grasped its meaning, we recognize that it must be necessarily and universally true, and
because further instances of its truth do not increase our certainty that it must always be
true. Its falsity, in other words, is inconceivable. On the other hand, there are numerous
propositions of which the falsity is perfectly conceivable. It may be true that The cat is
blackK or that "Poliomyelitis is caused by a vims', but these propositions are not necessarily
true. On the contrary, their falsity is perfectly conceivable, even if observation appears to
confirm their truth.
Analytic and Synthetic Propositions
The distinction just illustrated is variously referred to as the distinction between rational
and empirical knowledge, or between a priori and a posteriori knowledge, or between
truths of reason and truths of fact And it is generally true to say that all philosophers have
claimed, or at least implied, that their theories are rational and a priori. Where they have
differed is in their view of the scope of such knowledge. And the main difference has been
that some have held that rational knowledge is always analytic, while others have held that
it is sometimes synthetic.

The difference between analytic and synthetic propositions was defined by the German
philosopher Immanuel Kant (1724-1804) as follows: Analytic propositions, he said, 'add
nothing through the predicate to the concept of the subject, but merely break it up into those
constituent concepts that have all along been thought in it, although confusedly', while synthetic
judgments 'add to the concept of the subject a predicate which has not been in any
wise thought in it, and which no analysis could possibly extract from it'.1 The difference is,
in short, that the predicate in an analytic proposition is contained within the meaning of the
subject, while in a synthetic proposition the predicate is not contained within the meaning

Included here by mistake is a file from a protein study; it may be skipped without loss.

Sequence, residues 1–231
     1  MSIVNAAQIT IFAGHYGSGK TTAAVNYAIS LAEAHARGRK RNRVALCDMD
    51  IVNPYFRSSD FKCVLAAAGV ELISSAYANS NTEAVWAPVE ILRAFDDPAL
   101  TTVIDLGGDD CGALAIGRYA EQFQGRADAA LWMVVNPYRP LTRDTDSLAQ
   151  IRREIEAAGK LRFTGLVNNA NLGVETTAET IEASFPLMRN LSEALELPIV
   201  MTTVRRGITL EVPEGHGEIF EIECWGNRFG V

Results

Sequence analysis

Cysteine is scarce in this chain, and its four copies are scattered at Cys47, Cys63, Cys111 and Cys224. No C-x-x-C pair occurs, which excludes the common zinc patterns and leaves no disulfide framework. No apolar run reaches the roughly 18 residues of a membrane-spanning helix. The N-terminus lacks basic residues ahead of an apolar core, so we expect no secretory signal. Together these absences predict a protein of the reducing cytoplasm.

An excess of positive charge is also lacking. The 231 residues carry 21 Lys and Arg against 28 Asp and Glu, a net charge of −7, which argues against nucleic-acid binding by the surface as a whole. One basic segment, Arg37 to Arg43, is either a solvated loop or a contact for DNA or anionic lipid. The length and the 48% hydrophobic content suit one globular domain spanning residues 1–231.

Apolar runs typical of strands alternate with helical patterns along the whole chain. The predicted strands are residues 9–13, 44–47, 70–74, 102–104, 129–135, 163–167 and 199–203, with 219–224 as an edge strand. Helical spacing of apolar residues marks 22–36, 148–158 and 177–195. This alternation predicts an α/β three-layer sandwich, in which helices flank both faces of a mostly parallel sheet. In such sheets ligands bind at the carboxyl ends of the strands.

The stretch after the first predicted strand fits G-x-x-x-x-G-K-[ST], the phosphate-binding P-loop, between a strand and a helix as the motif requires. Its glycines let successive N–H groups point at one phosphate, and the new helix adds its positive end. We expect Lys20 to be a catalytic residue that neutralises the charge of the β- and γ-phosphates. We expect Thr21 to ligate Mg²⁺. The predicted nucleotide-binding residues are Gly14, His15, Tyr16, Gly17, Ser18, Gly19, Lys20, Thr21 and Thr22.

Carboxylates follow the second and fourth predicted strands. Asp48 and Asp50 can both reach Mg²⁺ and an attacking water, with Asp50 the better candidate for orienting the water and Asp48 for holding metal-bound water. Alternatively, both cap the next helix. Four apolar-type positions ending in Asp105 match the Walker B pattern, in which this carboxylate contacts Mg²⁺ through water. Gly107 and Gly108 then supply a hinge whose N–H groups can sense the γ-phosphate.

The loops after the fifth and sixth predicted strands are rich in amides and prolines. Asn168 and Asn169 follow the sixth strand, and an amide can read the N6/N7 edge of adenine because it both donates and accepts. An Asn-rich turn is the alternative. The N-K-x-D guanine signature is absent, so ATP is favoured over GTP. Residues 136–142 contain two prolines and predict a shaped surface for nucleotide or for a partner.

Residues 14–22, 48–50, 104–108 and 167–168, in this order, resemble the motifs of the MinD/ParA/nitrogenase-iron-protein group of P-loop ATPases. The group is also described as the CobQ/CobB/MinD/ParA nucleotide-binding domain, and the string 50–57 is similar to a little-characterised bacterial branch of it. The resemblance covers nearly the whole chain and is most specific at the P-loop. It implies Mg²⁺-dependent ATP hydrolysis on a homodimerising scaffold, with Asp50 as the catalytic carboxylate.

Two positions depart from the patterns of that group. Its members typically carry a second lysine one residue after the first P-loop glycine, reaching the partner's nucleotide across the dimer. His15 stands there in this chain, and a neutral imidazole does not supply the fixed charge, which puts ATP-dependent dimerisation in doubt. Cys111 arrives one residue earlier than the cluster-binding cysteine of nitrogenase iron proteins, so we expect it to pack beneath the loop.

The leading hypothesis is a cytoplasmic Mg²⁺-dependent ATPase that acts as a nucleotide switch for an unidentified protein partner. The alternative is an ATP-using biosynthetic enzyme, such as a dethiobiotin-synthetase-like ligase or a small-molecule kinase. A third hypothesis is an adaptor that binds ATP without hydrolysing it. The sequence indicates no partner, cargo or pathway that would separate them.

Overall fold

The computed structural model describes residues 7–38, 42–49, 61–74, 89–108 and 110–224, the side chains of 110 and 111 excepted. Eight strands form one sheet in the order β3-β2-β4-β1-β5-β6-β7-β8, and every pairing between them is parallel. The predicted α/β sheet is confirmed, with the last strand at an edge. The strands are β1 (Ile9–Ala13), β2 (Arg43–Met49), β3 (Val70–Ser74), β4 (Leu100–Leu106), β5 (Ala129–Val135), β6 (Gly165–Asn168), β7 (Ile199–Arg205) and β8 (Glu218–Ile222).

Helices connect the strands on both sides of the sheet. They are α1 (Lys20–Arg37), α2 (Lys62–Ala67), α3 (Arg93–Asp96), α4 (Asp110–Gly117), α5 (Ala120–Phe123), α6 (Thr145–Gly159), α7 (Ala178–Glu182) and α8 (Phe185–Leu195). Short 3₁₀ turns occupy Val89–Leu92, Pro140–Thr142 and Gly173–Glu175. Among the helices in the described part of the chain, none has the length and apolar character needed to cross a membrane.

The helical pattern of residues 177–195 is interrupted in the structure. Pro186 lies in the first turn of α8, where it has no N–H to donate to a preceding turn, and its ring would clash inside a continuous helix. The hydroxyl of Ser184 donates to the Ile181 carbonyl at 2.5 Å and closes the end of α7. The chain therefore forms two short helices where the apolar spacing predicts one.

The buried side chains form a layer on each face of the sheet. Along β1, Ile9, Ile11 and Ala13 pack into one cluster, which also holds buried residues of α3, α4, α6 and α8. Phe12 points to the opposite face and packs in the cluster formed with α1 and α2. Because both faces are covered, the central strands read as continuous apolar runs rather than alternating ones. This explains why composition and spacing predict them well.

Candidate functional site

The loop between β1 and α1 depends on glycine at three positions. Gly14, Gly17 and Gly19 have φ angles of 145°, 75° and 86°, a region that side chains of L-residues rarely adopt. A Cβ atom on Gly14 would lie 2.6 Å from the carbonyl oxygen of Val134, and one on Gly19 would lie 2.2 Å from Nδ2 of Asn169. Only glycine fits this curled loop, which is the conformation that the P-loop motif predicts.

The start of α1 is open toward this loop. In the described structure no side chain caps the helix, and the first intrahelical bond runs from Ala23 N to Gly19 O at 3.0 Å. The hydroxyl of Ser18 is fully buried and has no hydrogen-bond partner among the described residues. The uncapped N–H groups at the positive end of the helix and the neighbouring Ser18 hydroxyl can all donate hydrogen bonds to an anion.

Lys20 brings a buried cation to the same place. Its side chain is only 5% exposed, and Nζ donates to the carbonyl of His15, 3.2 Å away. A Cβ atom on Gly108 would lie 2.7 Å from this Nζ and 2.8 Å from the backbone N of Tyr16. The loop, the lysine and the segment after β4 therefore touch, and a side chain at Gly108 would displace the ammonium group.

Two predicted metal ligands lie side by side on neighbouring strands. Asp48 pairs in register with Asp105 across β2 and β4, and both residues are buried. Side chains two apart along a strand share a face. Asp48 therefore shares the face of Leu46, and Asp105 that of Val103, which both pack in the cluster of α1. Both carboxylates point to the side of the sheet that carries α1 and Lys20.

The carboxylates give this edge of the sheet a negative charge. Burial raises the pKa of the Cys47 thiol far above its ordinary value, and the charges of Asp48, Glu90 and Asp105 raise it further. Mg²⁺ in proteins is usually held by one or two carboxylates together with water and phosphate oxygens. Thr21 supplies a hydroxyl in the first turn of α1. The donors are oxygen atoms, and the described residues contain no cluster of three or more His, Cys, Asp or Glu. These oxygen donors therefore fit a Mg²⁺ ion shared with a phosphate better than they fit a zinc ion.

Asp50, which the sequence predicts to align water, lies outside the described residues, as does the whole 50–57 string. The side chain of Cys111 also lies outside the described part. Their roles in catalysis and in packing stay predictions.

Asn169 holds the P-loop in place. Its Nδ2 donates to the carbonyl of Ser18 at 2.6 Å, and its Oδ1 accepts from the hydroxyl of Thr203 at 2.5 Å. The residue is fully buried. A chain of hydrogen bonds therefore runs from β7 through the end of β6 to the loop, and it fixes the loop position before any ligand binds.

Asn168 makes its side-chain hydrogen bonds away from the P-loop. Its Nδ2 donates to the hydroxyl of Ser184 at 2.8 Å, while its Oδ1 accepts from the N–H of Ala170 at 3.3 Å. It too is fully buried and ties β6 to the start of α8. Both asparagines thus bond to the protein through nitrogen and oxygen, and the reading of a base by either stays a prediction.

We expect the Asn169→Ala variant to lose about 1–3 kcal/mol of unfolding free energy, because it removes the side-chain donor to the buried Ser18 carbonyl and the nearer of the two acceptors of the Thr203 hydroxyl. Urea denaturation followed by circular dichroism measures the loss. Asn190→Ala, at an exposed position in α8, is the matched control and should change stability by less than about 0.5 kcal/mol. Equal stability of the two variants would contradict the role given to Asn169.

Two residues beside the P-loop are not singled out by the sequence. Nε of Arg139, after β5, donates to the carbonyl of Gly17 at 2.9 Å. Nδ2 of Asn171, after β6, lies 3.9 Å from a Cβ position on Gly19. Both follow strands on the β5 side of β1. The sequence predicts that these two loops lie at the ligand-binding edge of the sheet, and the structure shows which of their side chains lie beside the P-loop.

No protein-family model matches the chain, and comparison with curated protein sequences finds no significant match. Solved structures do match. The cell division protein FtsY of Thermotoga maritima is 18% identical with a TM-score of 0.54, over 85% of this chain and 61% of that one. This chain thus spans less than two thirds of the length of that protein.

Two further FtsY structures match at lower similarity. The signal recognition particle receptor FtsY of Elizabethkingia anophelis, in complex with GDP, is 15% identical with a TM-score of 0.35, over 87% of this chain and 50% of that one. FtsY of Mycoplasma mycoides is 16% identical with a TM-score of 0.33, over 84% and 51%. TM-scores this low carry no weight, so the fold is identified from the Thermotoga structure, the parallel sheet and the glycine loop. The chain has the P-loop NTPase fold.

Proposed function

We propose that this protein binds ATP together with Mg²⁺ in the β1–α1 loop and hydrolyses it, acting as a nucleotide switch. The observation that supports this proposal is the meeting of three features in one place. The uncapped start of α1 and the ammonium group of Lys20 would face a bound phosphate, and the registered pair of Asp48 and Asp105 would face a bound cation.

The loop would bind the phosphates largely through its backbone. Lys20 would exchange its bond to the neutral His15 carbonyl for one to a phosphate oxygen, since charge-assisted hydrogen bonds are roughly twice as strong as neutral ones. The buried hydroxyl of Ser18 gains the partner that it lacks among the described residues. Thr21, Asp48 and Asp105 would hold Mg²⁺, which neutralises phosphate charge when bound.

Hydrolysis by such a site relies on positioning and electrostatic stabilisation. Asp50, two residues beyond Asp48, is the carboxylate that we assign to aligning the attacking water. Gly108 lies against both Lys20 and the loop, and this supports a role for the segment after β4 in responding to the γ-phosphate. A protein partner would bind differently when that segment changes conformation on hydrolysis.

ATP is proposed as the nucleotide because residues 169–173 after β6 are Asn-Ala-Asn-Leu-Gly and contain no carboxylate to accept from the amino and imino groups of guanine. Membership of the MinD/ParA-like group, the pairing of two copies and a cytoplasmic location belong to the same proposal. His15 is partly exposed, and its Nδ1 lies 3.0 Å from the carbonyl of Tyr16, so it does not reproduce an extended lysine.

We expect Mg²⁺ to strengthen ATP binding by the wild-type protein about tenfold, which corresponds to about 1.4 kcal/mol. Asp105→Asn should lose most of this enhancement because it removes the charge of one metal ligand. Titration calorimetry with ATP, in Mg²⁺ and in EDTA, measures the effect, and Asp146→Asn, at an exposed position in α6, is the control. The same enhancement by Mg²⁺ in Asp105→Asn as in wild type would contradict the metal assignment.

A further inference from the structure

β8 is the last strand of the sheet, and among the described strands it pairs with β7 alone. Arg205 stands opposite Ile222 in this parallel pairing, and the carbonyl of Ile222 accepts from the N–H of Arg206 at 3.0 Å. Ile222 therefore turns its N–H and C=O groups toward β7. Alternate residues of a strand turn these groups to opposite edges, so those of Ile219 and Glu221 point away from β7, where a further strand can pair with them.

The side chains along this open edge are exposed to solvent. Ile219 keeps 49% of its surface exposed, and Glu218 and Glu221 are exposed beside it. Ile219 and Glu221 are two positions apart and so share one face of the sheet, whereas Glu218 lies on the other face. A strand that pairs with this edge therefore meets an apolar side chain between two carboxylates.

of the subject but adds something related to it. Kant illustrated the difference by the two
propositions 'All bodies are extended' and 'All bodies are heavy'. The former, he thought,
is analytic, because the concept of 'extension' is part of the meaning of 'body', while the
latter is synthetic because the concept of 'heaviness' is not part of the meaning of 'body',
but only a quality which it acquires when it is placed in a gravitational field.
Kant's definition drew attention to an important difference between analytic and synthetic
propositions, although not all analytic propositions naturally fall into the simple subject-
predicate form which his examples illustrate. The essential characteristic of an analytic
proposition is that it defines the meaning, or part of the meaning, of its subject and does
not describe unessential features which may, or may not, belong to it A cube of iron has a
certain weight at sea level, a smaller weight at the top of a high mountain, and no weight at
all at a certain point between the earth and the moon; but these differences are not essential
elements in the meaning of the description 'cube of iron'. It is clear, on the other hand,
that if the cube of iron had no extension it would not be a cube of iron, since extension is
an essential part of the meaning of the phrase 'cube of iron'. In other words, to deny an
analytic proposition is self-contradictory since that is simultaneously asserting and denying
the same thing. It is, to borrow Bertrand Russell's example, like saying 'A bald man is
not bald'.1
Modern philosophers have devoted much attention to the study of analytic propositions,
and many would agree with Professor Ayer that 'a proposition is analytic when its validity
depends solely on the definitions of the symbols it contains',2 and that this is so because
analytic propositions 'do not make any assertion about the empirical world They simply
record our determination to use words in a certain fashion.'3 They are, in other words, tautologies;
and the reason why we think it worth while to assert them and sometimes, as in